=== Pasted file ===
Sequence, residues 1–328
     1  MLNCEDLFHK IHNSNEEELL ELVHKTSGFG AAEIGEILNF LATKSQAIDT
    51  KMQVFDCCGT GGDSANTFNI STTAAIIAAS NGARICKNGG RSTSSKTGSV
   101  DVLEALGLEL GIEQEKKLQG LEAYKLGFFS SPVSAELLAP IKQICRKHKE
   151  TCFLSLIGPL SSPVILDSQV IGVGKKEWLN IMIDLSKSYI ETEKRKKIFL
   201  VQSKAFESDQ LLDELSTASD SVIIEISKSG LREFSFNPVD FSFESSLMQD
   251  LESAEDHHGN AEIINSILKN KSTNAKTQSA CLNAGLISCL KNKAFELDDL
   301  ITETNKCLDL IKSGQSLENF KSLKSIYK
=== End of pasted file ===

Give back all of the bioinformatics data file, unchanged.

Sequence, residues 1–328
     1  MLNCEDLFHK IHNSNEEELL ELVHKTSGFG AAEIGEILNF LATKSQAIDT
    51  KMQVFDCCGT GGDSANTFNI STTAAIIAAS NGARICKNGG RSTSSKTGSV
   101  DVLEALGLEL GIEQEKKLQG LEAYKLGFFS SPVSAELLAP IKQICRKHKE
   151  TCFLSLIGPL SSPVILDSQV IGVGKKEWLN IMIDLSKSYI ETEKRKKIFL
   201  VQSKAFESDQ LLDELSTASD SVIIEISKSG LREFSFNPVD FSFESSLMQD
   251  LESAEDHHGN AEIINSILKN KSTNAKTQSA CLNAGLISCL KNKAFELDDL
   301  ITETNKCLDL IKSGQSLENF KSLKSIYK